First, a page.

One SR (systematic review) «Winzenberg TM, Shaw K, Fryer J ym. Calcium supplem...»1, «»1 has focused on the effect of calcium supplementation on bone health during the last 10 years.
This SR studied 19 trials included 2859 participants, of which 1367 were randomised to supplementation and 1426 to placebo. The participants were healthy children aged 3 to 18 years. There was no heterogeneity in the results of the main effects analyses to suggest that the studies were not comparable. There was no effect of calcium supplementation on femoral neck or lumbar spine BMD. There was a small effect on total body BMC (standardised mean difference (SMD) +0.14, 95 % CI +0.01, +0.27) and upper limb BMD (SMD +0.14, 95 % CI +0.04, +0.24). Only the effect in the upper limb persisted after supplementation ceased (SMD+0.14, 95 % CI +0.01, +0.28). This effect is approximately equivalent to a 1.7 % greater increase in supplemented groups, which at best would reduce absolute fracture risk in children by 0.1 - 0.2 % per annum. There was no evidence of effect modification by baseline calcium intake, sex, ethnicity, physical activity or pubertal stage. Adverse events were reported infrequently and were minor.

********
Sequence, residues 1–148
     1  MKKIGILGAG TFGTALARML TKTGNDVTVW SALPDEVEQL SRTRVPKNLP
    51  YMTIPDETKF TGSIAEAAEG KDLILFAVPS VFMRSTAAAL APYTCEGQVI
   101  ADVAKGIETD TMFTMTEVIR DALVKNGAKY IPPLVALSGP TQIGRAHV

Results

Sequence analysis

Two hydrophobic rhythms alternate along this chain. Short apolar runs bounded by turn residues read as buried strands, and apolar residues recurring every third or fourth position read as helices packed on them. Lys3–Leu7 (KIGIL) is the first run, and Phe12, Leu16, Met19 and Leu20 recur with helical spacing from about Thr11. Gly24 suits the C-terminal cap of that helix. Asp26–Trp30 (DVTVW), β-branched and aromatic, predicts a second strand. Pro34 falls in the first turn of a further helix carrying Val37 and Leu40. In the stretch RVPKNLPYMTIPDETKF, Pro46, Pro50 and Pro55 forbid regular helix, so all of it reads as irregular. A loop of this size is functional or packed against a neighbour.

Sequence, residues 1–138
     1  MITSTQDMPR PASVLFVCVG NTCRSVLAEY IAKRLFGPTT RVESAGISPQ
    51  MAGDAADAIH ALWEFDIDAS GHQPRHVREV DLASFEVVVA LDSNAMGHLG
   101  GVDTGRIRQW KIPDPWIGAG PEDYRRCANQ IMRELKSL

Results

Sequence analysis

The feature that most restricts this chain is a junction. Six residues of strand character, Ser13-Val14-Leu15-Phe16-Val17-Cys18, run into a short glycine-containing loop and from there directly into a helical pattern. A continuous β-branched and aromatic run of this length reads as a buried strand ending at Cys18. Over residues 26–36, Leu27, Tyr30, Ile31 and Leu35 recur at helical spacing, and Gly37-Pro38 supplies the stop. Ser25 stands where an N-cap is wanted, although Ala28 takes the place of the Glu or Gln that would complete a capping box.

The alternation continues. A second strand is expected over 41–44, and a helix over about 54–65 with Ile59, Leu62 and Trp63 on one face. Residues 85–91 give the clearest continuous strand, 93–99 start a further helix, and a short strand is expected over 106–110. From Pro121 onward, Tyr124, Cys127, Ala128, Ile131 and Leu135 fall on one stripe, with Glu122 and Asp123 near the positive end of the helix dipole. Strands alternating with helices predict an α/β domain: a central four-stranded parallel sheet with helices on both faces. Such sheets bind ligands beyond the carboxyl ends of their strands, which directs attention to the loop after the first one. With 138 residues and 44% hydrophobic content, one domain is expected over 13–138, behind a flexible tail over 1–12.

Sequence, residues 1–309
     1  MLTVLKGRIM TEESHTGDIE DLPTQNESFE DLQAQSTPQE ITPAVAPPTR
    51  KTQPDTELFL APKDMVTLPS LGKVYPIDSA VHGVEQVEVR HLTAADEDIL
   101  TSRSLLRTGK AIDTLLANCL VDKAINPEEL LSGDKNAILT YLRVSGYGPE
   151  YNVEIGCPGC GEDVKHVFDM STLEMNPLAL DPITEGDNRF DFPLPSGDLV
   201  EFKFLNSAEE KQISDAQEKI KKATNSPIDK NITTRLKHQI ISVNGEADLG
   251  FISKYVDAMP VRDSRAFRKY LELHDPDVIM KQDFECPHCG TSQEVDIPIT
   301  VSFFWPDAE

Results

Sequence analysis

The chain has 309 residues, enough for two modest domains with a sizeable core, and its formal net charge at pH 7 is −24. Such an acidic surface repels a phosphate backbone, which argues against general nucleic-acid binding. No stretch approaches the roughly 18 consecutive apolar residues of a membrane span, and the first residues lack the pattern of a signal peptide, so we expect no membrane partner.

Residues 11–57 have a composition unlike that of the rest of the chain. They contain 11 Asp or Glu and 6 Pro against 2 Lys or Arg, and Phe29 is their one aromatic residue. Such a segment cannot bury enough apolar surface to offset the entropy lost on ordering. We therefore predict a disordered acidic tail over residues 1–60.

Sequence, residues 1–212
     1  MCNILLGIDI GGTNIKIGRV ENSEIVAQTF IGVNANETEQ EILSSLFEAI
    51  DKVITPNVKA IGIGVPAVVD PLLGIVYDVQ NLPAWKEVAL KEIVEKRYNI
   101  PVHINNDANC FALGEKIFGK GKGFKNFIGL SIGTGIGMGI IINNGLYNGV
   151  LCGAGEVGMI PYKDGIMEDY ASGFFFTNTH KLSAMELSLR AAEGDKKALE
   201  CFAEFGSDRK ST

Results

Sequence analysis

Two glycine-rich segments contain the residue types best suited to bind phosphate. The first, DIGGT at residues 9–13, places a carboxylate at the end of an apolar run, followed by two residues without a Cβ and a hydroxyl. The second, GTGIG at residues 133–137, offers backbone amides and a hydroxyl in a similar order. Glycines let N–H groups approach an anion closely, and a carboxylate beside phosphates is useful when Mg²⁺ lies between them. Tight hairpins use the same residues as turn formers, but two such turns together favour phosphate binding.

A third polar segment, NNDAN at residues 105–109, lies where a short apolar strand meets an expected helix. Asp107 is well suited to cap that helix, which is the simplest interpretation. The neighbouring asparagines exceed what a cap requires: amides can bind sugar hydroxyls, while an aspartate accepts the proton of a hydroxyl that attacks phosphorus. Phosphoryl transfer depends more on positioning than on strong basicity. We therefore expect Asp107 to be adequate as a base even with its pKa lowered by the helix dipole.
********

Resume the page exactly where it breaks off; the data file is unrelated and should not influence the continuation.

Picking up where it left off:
The authors concluded that “While there is a small effect of calcium supplementation in the upper limb, the increase in BMD which results is unlikely to result in a clinically significant decrease in fracture risk. The results do not support the use of calcium supplementation in healthy children as a public health intervention. These results cannot be extrapolated to children with medical conditions affecting bone metabolism.”